SFU Professor says report on Skeena Sockeye paints clearer picture of decline in stocks
A professor of Aquatic Ecology at Simon Fraser University says the new study on Skeena River sockeye released this week shows the salmon are under even more pressure than we thought.
Doctor John Reynolds says the study, which was headed up by one of his students -- Michael Price -- used data going back over a century, and shows a 75-percent decline in the number of sockeye returning to the Skeena over that time.
[PHOTO: Dr John Reynolds (supplied) ]
He says several factors have likely played a role -- but the most important one is likely selective gill-netting for larger fish.
"If you look at which groups of fish have declined the most, it's the largest-bodied ones and they tend to be the most susceptible to fishing gear and so it's probably due to fisheries, and the conclusion would be that we seem to be on a fairly steep slope right now and that perhaps even more precaution with fisheries is going to be needed if we're going to help to rebuild these fish than we'd already thought," he said.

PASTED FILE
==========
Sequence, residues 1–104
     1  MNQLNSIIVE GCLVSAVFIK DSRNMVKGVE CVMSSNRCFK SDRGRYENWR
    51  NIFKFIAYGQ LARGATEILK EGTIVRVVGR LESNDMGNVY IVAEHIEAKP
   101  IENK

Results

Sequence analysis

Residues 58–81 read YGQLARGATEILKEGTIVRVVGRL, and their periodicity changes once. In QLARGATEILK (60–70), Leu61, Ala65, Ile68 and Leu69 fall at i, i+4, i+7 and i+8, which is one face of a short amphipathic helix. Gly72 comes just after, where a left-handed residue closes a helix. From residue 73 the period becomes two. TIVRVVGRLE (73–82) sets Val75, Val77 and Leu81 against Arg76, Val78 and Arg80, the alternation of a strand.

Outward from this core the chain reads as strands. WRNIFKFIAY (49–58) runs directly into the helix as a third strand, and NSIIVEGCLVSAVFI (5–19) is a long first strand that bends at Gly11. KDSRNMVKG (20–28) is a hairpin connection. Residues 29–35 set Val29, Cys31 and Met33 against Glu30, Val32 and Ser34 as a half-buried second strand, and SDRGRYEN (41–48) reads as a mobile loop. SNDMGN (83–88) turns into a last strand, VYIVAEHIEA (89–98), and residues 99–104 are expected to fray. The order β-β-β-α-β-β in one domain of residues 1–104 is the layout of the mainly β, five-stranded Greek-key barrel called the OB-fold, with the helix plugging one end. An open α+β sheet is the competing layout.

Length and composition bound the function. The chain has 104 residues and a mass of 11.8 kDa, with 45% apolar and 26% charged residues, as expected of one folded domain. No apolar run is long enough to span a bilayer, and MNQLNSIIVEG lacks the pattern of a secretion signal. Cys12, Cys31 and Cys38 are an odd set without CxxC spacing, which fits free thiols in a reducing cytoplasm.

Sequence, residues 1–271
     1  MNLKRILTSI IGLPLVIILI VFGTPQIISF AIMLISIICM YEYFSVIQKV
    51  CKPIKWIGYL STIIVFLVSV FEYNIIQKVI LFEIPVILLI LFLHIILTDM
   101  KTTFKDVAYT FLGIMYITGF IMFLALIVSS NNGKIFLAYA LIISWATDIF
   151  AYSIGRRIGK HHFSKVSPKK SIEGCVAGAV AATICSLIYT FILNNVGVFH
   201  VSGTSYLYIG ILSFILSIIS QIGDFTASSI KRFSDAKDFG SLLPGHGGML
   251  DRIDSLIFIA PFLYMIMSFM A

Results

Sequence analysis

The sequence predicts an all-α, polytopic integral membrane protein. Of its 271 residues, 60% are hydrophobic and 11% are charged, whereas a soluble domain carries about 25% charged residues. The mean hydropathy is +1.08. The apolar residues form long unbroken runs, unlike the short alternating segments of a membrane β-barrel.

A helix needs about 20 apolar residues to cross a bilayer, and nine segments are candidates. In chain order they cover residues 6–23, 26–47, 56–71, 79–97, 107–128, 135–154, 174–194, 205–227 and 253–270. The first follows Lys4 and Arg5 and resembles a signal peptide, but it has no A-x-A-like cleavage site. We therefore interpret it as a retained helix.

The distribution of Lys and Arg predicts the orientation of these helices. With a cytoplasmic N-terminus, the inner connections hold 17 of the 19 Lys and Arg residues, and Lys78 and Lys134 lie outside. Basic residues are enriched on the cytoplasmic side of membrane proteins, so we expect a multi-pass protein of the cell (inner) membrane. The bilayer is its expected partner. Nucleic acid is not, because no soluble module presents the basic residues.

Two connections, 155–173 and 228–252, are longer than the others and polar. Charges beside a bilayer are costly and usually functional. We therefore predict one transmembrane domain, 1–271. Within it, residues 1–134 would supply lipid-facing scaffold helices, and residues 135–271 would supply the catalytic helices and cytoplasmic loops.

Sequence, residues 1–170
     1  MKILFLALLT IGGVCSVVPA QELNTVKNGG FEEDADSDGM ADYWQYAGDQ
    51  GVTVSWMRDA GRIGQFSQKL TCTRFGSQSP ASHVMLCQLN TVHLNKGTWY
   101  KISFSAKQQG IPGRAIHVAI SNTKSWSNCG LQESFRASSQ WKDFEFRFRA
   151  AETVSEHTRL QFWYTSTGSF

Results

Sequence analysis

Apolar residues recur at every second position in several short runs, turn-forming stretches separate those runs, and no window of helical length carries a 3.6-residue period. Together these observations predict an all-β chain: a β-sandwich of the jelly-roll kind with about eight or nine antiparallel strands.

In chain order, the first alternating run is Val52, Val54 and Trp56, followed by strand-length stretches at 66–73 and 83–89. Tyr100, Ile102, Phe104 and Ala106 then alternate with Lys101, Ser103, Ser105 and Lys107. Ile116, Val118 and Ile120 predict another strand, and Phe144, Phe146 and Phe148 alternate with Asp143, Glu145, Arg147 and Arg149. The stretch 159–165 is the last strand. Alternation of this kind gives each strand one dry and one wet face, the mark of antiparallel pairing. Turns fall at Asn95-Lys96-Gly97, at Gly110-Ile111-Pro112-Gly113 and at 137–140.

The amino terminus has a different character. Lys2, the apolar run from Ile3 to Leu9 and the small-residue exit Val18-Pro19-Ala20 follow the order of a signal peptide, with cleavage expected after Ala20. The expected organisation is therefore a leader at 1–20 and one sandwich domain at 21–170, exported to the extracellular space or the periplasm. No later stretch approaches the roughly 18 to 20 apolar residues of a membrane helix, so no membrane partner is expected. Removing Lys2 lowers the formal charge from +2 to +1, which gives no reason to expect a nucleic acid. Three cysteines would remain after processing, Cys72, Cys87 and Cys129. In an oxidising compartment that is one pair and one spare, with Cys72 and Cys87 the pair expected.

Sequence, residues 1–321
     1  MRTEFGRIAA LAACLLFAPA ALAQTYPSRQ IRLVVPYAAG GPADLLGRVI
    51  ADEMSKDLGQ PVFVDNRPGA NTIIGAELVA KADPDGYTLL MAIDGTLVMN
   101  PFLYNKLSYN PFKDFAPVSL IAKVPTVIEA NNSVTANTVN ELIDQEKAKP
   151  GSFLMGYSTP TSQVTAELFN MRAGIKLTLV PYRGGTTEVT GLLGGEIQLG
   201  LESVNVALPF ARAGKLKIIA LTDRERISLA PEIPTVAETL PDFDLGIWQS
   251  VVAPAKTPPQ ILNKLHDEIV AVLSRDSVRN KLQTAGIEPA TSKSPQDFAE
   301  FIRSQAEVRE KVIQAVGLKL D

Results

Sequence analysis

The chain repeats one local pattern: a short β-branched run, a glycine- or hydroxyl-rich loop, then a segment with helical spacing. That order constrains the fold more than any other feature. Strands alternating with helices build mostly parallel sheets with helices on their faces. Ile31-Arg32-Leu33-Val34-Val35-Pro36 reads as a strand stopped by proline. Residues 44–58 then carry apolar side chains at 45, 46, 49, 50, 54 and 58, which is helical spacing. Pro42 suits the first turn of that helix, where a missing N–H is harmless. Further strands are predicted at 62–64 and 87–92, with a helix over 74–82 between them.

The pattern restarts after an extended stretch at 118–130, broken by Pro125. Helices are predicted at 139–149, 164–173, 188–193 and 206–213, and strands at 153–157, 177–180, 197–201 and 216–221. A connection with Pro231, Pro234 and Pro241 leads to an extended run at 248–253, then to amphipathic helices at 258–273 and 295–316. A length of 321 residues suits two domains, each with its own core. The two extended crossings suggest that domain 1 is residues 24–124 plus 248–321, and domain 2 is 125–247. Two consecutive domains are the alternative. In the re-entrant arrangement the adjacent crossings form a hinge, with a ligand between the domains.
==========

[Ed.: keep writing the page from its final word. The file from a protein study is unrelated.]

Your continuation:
Reynolds says rising ocean temperatures are also increasing fish mortality, and industrial activity poses challenges as well.
"One of the big problems will be survival at sea, because of warm ocean temperatures can lead to altered food webs and the fish can have less to eat and in some cases more predators on the young fish when they're at sea -- in the river, there are definitely some parts of the Skeena watershed where high temperatures are a bit of a concern; it's nothing like the Fraser further south, where the fish are really pushing it, because it's a cold-water fish," he explained.